Many people just assume that if it says “wheat” on their bread’s packaging, it’s healthy, but there’s more to it than that. Here, we answered your bread questions to help you select the healthiest kind of bread.
Q: What kind of wheat bread should we be eating?
A: Choose wheat bread that says it is made with 100-percent whole grains, which will offer you the highest fiber content. We should all be getting at least 25-30 grams of fiber per day, but the average American barely gets half of that because most of the over-processed foods we eat are depleted of fiber. A “multi-grain” product also can pack on a variety of nutrients.
Q: Is organic bread a healthier choice?
A: While choosing organic bread sounds ideal for your health, pay close attention to the label. The grains may be organic, but processing, inferior oils and other additives may not make them a best choice.
Q: We noticed bread in the freezer at our grocery store. What is that?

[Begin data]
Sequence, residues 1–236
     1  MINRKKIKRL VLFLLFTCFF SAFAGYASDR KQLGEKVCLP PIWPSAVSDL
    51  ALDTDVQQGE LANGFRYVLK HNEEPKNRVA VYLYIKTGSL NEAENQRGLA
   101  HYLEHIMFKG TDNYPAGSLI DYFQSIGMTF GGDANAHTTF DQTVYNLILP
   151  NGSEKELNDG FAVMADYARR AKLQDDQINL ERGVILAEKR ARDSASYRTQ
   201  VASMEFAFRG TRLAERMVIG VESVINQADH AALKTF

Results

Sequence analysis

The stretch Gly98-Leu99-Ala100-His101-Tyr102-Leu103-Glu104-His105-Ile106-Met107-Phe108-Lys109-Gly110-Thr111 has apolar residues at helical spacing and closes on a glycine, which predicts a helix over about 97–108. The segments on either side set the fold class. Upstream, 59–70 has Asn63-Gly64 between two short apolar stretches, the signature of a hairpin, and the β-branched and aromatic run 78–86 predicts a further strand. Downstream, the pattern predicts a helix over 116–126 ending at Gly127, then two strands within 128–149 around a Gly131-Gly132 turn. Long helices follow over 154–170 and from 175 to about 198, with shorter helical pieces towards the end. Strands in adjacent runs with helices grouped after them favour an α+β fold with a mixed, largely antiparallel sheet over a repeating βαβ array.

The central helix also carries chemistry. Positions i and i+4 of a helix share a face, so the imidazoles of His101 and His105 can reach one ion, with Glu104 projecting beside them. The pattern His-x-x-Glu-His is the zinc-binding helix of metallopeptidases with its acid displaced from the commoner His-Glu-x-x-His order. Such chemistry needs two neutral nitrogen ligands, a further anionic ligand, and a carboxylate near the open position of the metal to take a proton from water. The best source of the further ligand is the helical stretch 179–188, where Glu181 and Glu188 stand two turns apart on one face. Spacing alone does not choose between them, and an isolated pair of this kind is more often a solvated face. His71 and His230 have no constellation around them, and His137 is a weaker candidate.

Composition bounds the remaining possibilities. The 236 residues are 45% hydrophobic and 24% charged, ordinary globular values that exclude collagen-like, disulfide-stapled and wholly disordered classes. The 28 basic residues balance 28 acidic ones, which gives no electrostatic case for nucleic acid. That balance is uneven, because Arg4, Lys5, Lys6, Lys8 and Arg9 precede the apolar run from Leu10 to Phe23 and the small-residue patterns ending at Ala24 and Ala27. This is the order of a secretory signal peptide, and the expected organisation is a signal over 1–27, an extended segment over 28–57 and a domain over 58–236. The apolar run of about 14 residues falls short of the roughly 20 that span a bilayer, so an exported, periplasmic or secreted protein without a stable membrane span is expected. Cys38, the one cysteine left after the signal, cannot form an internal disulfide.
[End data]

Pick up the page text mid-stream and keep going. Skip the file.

A: These are sprouted breads, and they are flourless. Sprouted breads are fiber-rich and have 300 to 1,200 percent more protein, vitamins, enzymes and minerals than milled-flour breads because the sprouting makes nutrients available in their whole, natural form.
Q: What does it mean when the packaging says the bread is “enriched”?
A: Avoid any bread that says “refined” or “enriched” on the packaging/ingredient label. This means that in the production of flour, the nutrient-rich bran and germ were removed to help improve the product’s shelf life. To compensate for the loss, breads are then enriched with iron, thiamine, riboflavin and niacin, but the quality of those nutrients is not known, so you mostly are left with empty carbohydrates.
Q: Is “white wheat” essentially the same thing as regular wheat bread, just without the brown color?
A: Don’t buy anything that’s called “white wheat.” It’s as far from nature as you can get, and most likely contains refined white flour with dough conditioners, flavorings, color agents, leavening agents, preservatives, refined and hydrogenated oils, sugars and texture enhancers. Doesn’t sound so yummy anymore, does it?
Karina Timmel contributed to this article.